Monday, 16 February 1998
By Mitch Gitman

If you were to compile a list of the most influential Internet individuals in Tucson, you wouldn’t want to leave out a fast-talking young Israeli guy.

Ehud Gavron (ay’-hood gav’-ron) is senior partner of ACES Research, a Tucson company that specializes in high-grade, business-quality digital Internet service.

ACES’ customers include StarNet (the Internet service of The Arizona Daily Star), Madden Publications, JewelWay International, radio stations KLPX and KFMA, the Pima Association of Governments, even Atlantic Records in New York City.

Gavron said ACES gains and maintains customers with its reliability – “100 percent up-time, no excuses, no crashes, no near misses” – and by offering responsive service that national Internet backbone providers don’t.

Matthew Grossman, StarNet network operations project leader, explained why StarNet at its inception in 1995 went with Aces rather than a national, or Tier 1, provider: “1) Tucson Newspapers didn’t have the expertise to program and maintain a router, and 2) dealing with a Tier 1 provider is a (hassle).

“Whenever something breaks, a single call to Ehud gets it fixed. If we bought bandwidth directly from Sprint, MCI, etc., we would have to call the appropriate trouble center, wait on hold for 10 to 30 minutes, give them a specific circuit ID number, open a trouble ticket, then follow up as needed whenever something broke,” Grossman said.

Roger Post of the Web site design firm Interzone agreed that ACES has stepped in to serve a market, in Tucson, that “has otherwise been underserved by Tier 1 backbone providers and companies offering equivalent levels of connectivity.”

And both Grossman and Post point out a key difference between ACES and your typical Internet service provider (ISP): It doesn’t do dial-up service, “which is a big headache for a lot of other ISPs (high maintenance, great competition, low margin, no or short-term contracts),” in Post’s opinion.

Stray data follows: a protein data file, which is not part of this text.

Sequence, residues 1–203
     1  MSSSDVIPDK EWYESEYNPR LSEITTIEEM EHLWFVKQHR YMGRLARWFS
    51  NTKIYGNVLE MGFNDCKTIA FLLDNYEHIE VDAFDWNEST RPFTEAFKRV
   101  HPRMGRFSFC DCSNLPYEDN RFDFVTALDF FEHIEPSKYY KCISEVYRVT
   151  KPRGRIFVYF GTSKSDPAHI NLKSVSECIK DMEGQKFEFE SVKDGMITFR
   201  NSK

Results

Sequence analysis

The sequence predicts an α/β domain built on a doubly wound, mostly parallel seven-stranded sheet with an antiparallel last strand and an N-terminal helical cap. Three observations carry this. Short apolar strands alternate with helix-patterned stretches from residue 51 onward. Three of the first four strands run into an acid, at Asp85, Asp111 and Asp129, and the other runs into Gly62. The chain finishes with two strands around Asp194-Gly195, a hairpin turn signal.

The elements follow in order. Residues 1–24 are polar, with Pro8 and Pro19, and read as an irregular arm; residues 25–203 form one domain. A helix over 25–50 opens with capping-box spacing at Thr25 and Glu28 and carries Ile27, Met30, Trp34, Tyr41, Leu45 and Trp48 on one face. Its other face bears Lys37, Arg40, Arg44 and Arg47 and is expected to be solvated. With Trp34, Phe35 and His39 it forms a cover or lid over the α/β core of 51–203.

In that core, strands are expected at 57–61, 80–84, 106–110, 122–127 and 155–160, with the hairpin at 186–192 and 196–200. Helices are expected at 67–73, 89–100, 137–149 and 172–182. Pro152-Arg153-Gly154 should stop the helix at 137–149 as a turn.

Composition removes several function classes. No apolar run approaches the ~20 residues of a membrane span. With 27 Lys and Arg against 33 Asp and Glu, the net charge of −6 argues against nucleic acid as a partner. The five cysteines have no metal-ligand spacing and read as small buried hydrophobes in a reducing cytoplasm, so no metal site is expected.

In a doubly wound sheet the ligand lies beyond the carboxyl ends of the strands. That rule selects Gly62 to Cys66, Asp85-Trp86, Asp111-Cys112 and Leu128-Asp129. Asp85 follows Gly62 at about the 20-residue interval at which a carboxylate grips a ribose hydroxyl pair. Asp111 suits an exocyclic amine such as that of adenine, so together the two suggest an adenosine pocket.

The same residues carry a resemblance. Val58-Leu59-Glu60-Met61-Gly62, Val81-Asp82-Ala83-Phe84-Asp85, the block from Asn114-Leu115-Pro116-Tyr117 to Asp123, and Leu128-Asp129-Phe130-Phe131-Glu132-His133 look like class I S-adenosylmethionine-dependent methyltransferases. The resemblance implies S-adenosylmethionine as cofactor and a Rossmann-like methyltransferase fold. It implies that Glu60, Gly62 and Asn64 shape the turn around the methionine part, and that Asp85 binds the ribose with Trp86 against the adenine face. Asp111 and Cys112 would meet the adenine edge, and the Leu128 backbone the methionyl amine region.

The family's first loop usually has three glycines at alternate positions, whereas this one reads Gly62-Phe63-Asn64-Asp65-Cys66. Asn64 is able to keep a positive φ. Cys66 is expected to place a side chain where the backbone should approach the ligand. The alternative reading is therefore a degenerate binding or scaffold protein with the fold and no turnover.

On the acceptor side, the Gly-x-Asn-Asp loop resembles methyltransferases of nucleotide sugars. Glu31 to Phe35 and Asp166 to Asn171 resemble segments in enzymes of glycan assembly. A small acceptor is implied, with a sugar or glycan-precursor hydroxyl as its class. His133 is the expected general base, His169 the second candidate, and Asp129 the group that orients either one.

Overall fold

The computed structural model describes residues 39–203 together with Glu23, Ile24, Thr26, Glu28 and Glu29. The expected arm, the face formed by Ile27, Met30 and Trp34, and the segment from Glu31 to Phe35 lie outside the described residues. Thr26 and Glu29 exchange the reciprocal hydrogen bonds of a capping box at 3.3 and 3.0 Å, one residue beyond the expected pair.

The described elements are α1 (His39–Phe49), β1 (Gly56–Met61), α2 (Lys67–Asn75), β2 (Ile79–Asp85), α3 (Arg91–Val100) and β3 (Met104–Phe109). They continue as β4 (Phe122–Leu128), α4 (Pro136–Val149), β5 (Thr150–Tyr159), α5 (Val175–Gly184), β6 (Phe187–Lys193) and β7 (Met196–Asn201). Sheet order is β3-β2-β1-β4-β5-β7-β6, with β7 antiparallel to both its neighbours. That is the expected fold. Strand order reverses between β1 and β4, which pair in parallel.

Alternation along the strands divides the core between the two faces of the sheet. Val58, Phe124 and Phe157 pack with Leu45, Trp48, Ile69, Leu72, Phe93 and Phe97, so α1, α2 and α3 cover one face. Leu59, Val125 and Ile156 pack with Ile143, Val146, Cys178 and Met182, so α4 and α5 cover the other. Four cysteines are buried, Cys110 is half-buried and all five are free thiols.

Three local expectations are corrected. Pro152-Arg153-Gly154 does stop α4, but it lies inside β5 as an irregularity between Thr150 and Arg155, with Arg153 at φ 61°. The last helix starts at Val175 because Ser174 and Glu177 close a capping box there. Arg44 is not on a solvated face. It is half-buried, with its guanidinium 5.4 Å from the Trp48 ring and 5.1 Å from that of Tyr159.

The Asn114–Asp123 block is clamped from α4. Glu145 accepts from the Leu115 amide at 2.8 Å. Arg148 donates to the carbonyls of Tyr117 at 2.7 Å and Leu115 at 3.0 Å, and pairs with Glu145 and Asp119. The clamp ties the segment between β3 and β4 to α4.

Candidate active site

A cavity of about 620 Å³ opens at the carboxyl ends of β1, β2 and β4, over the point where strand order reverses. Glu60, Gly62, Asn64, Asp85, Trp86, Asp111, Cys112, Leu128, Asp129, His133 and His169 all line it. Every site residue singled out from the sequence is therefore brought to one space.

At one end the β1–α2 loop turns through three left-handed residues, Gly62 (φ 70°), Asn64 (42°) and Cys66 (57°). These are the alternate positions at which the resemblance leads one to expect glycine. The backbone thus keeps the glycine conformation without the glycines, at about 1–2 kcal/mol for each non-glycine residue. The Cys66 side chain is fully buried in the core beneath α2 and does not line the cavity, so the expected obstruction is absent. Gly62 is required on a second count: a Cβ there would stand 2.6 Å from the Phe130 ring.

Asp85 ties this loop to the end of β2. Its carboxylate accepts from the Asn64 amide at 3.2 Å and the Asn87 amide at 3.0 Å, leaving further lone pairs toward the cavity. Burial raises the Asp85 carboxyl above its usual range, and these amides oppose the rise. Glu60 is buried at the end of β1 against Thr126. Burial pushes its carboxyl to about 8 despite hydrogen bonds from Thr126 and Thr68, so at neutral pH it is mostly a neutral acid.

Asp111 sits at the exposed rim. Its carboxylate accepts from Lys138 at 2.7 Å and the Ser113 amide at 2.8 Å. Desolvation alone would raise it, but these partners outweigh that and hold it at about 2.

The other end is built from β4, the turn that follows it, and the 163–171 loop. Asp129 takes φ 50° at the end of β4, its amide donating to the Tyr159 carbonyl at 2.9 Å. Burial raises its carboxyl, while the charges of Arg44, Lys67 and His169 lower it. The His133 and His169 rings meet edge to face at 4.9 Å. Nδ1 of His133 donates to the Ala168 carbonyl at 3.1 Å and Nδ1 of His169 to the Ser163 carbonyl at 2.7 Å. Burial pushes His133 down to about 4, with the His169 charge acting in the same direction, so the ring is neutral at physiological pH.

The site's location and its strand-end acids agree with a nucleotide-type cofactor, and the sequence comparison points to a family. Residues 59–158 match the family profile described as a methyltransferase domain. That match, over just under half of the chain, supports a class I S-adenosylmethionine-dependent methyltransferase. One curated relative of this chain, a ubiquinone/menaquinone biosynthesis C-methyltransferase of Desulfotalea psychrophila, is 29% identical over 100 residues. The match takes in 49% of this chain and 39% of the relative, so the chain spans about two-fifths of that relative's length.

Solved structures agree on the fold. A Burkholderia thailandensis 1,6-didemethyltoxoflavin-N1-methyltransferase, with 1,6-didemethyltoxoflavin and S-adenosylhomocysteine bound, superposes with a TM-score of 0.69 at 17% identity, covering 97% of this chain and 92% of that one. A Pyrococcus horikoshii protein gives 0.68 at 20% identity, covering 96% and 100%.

Gavron, 31, spent his childhood in Rishon Lezion, Israel. His father’s work, as a nuclear physicist, brought the family to America in 1980.

He founded ACES Research in 1991 and began providing Internet service in 1993. He’s been in demand ever since.

His network consulting fees alone are $200 an hour in Tucson, $400 for the rest of the United States. “I just kept raising prices until I had spare time,” he said with a laugh, then quickly noted, in all seriousness, that ACES’ Internet connectivity fees have risen only 10 percent cumulatively over the past three years.

Okay, so Gavron has wired himself a successful niche. But what’s really fascinating about this fellow is the provocative opinions he has about the Internet, and about Internet access in Tucson. Here are some excerpts from a recent interview at ACES’ office in a mini-mall-style office plaza on Speedway.

On Digital Subscriber Line (DSL), the variety of high-speed Internet service that U S West plans to introduce to Tucson in the spring under the brand name MegaBit Services:

“DSL is not the harbinger of great joy that everyone thinks it is.”

Few locations in Tucson will be able to take advantage of DSL at all because of the poor quality of the copper wiring of U S West’s local phone lines.

Even then, many of the customers who will be able to get DSL won’t be able to get its speeds exceeding 1 megabit per second. “The MegaBit is a misleading cliché name because most of their services are not going to be megabit,” he said.

In fact, U S West has already been providing DSL through its standard 1.536-megabit T-1 service. For five years, the phone company has used HDSL (high-speed DSL) technology to deliver its expensive T-1 service.